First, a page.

So the cost? One pedicure, a blow dry for me, and the dentist’s visit: $400.00 pesos, around $32.00. The value: Priceless.

I had been trying for years to get my beloved to enjoy the wonders of a regular pedicure. He would not even consider it. WELL, now he is having monthly pedicures “for medical reasons”. Really, he will not admit he enjoys them, he just says he needs them to keep his feet healthy and he cannot bend like he used to. Whatever!

How to Beat Summer Hell in La Paz? Why With Sangria of Course!

Ingredients for perfect Sangria: cheap red wine, carbonation, fruit, and you

So what’s the climate like in La Paz? Well most of the year it is wonderful, a place where outdoor living is an art form.
And drinking icy-cold umbrella drinks is expected.

But my beloved likes to say we have five seasons here in Southern Baja:

  • Fall
  • Winter
  • Spring
  • Summer
  • Summer Hell

And what is Summer Hell you ask? It has nothing to do with burly guys and equally as burly girls on motorcycles. It is that time at the end of summer that you northerners might call the Dog Days, but worse.

From the middle of August through September the sun is broiling, the air is thick and steamy and there is nothing to do but escape into delightful, air conditioning. The air doesn’t move, and you wish you didn’t have to either.
This is the time when just hanging in the pool with a big sombrero and an icy glass of Sangria is about as much activity as one can and should muster.

Hang in the pool wearing a big sombrero and holding an icy-cold glass of Sangria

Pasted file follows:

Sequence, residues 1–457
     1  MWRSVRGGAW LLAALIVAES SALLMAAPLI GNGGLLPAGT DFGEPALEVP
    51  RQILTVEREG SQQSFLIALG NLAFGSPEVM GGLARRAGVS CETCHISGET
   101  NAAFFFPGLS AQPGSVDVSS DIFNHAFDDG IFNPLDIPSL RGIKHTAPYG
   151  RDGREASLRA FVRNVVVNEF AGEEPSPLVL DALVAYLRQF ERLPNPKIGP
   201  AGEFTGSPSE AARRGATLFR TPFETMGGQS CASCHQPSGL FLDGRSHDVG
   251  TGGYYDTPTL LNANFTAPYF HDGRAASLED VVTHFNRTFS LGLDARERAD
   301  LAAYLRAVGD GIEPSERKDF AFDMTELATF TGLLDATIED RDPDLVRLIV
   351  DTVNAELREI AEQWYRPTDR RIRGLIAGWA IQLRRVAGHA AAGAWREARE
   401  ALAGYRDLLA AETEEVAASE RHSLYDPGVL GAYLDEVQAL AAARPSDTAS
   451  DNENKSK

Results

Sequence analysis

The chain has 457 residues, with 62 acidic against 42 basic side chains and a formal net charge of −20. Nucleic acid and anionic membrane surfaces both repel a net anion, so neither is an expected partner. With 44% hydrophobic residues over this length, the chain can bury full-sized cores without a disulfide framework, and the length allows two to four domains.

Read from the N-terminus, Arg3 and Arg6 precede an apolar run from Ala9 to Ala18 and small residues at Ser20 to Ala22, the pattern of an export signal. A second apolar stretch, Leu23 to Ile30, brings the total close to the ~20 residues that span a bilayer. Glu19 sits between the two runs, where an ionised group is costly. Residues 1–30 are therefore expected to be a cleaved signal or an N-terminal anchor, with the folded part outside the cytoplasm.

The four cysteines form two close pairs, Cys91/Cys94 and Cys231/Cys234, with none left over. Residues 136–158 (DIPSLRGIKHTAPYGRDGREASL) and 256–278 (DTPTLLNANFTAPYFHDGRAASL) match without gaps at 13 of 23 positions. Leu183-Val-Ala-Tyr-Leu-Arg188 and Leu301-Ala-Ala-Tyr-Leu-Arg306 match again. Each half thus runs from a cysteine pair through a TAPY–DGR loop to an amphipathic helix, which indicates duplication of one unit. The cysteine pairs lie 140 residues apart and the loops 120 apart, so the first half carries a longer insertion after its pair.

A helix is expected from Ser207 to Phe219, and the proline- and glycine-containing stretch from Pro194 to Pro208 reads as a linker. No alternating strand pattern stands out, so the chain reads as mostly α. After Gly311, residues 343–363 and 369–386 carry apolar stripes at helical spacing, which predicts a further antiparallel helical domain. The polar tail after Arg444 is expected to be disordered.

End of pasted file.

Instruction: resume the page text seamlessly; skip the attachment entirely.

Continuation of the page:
This is the time of year when even the most casual acquaintance that lives in town and doesn’t have a pool becomes my best friend!

I am a gregarious person. And I have a gorgeous beachfront home with a pool. I love to pamper my friends. And it is a lot more fun to enjoy the pool with other people around. So tomorrow I am having the first of my summer “Salad Days at Susan’s Pool” parties. I invited 7 other women to bring a salad and come for a swim.

I am making sangria. And here is the recipe:

– I used two bottles of a Santa Silva blend of Shiraz and Cabernet $90.00 (pesos each)
Other alcohol:
– I used 2 jiggers of Controy, this can be skipped or you can use gin, rum or Triple Sec
– I used Fresca; you can use anything from plain mineral water to any flavor carbonated water or citrus soda.
– 2 limes
– 2 oranges
– 1 grapefruit,
– Fresh or frozen strawberries (I use frozen so they act as ice cubes and do not dilute the brew. I am not a scientific cook; I splash, dash, and dump ingredients. So use as many strawberries as fit in the pitcher or look good to you.)
– ½ pineapple (Pina Miel) or you can use canned pineapple chunks and the juice.
– 2 tablespoons of sugar or a dash of simple syrup. (See simple syrup recipe below.)

Get a big pitcher that can hold two bottles of wine. Pour in the wine. (Or use two smaller pitchers and put half the ingredients in each.)

Squeeze the juice of the two limes, two oranges and one grapefruit into the wine. Remove the seeds first! Then dump the squeezed fruit in the pitcher.

Cover the pitcher and refrigerate.

Just prior to serving add the carbonation. This is where the fun begins, add the flavored carbonation to suit your taste.